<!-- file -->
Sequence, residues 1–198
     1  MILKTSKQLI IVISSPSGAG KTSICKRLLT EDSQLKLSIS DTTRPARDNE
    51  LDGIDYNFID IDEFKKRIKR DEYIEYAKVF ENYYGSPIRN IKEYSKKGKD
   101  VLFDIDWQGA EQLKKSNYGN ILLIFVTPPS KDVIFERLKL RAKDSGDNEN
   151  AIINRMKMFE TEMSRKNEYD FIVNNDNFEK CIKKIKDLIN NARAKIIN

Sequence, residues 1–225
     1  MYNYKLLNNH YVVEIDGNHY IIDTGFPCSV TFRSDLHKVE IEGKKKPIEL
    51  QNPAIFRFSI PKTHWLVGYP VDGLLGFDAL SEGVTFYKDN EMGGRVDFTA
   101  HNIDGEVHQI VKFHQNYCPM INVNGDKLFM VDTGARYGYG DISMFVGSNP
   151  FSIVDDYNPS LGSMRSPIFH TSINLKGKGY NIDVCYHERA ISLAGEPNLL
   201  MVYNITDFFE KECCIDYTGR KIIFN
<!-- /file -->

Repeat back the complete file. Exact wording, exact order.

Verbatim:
Sequence, residues 1–198
     1  MILKTSKQLI IVISSPSGAG KTSICKRLLT EDSQLKLSIS DTTRPARDNE
    51  LDGIDYNFID IDEFKKRIKR DEYIEYAKVF ENYYGSPIRN IKEYSKKGKD
   101  VLFDIDWQGA EQLKKSNYGN ILLIFVTPPS KDVIFERLKL RAKDSGDNEN
   151  AIINRMKMFE TEMSRKNEYD FIVNNDNFEK CIKKIKDLIN NARAKIIN

Sequence, residues 1–225
     1  MYNYKLLNNH YVVEIDGNHY IIDTGFPCSV TFRSDLHKVE IEGKKKPIEL
    51  QNPAIFRFSI PKTHWLVGYP VDGLLGFDAL SEGVTFYKDN EMGGRVDFTA
   101  HNIDGEVHQI VKFHQNYCPM INVNGDKLFM VDTGARYGYG DISMFVGSNP
   151  FSIVDDYNPS LGSMRSPIFH TSINLKGKGY NIDVCYHERA ISLAGEPNLL
   201  MVYNITDFFE KECCIDYTGR KIIFN